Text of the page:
NCA’s problem of political identity


HARARE – The announcement that the National Constitutional Assembly (NCA) has transformed into a political party was met with mixed reactions.

Apart from the misgivings over converting a civil society organisation into a political entity, the outfit faces a problem of identity in Zimbabwean politics.

Zimbabwe is a pretentious democracy; the political space remains thorny but the formation of political parties is permissible.  

Lovemore Madhuku, interim leader of the new party, described the party as a social democratic movement.

I do not intend to discuss the rights and wrongs of turning a civil society organisation into a political party.

Rather, my point of departure is that the party will struggle to establish distinct political and ideological identity.

This arises mainly from the problem of hegemony.

President Robert Mugabe has ruled the country for nearly 34 years now. 

Because of this lengthy tenure, organised opposition will always fall under what I would call Mugabe-Must-Go (let’s brand them MMGs) parties.

In other words, the identity of these parties is shaped primarily by a fight against an age-old hegemony.  In the process, their ideological identities become less visible.

These are parties which, upon formation, will chiefly be identified, within the public imagination, as organisations with the primary mission of removing Mugabe from power, without offering any unique ideological identity from existing opponents.

In other words, such parties will struggle to establish distinct identity unless they are, for instance, say a Green Party, with a specific environmental agenda.

The NCA as a political party could not focus on a narrow and, of course, transient theme of constitutionalism; once a constitution that suits its expectation is put together, the party would then lose relevance.

It has thus, identified itself as a social democratic movement, a perfectly legitimate ideological pursuit.

It could be argued, however, that within the MDC’s broader democratic change agenda, there would exist a social democratic aspiration.

It is unlikely that such nuances as “social democratic” will have any unique appeal. The NCA will simply fall within that MMG-democracy nexus that the MDC already occupies.

Thus, the NCA will find political space but will struggle for any distinct ideological identity. It does not help also that it has past association with the MDC.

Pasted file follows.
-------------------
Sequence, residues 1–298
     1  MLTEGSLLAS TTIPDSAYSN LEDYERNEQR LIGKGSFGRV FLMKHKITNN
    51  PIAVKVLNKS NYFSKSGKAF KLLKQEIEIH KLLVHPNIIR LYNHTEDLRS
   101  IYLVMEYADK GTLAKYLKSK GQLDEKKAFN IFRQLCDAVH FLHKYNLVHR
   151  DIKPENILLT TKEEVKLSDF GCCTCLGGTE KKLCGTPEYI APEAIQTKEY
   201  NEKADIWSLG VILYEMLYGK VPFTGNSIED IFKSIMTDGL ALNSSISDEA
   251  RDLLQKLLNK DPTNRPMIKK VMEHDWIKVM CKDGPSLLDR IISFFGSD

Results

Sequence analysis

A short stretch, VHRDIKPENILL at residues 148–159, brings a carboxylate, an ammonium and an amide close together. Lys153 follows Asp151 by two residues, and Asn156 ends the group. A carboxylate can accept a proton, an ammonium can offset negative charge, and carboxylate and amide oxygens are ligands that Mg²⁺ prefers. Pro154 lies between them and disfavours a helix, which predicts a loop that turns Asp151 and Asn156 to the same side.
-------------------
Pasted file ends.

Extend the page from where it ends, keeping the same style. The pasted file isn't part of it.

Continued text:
Despite the heavy electoral defeat recently, it would appear the MDC will remain intact although, as I argued in the past, it needs leadership renewal.

It still has a social base, a number of MPs and councillors. 

The MDC remains the current vanguard of the MMGs, peddling democratic rule. It is unlikely the NCA will offer anything markedly different.

Without a distinct identity, and a seemingly resilient opposition still in place, the NCA might struggle for relevance. 

Under the circumstances, it will only serve the purpose of vote-splitting, defeating the agenda of removing Mugabe from power and the promise of democracy.

What will the NCA offer other than the promise of removing Mugabe and democracy?

Perhaps it would be wise to invest intellectually and financially in the best hope that exists to achieve that goal, rather than establish parties that fail to distinguish themselves, substantially, from one another.

It might be better to negotiate leadership changes in the MDC and retain a strong opposition with the best chances of achieving regime change.

This might sound undemocratic insofar as it limits pluralism, but it might be pragmatic.

Zimbabwean opposition politicians seem to have huge egos and underestimate the task of dislodging Zanu PF from power; the reason a unity pact failed before the last election.

Zanu PF is an intransigent beast; it is the one that has been adept at stalling democracy. It has utilised both reverence and fear to numb a nation.

Beyond Zanu PF rule, the prospects of democratic rule are brighter; no other ruling party will be able to suppress the democratic desires of a people oppressed for too long.

Such party simply won’t draw the same reverence and fear.

But removing Zanu PF from power and realising real democratic transition might require unified approaches for now rather than disparate agendas.

Perhaps when such change occurs and Zimbabwean politics ceases to be viewed within the dominant frame of fighting against hegemony, parties can assume recognisable ideological differences.

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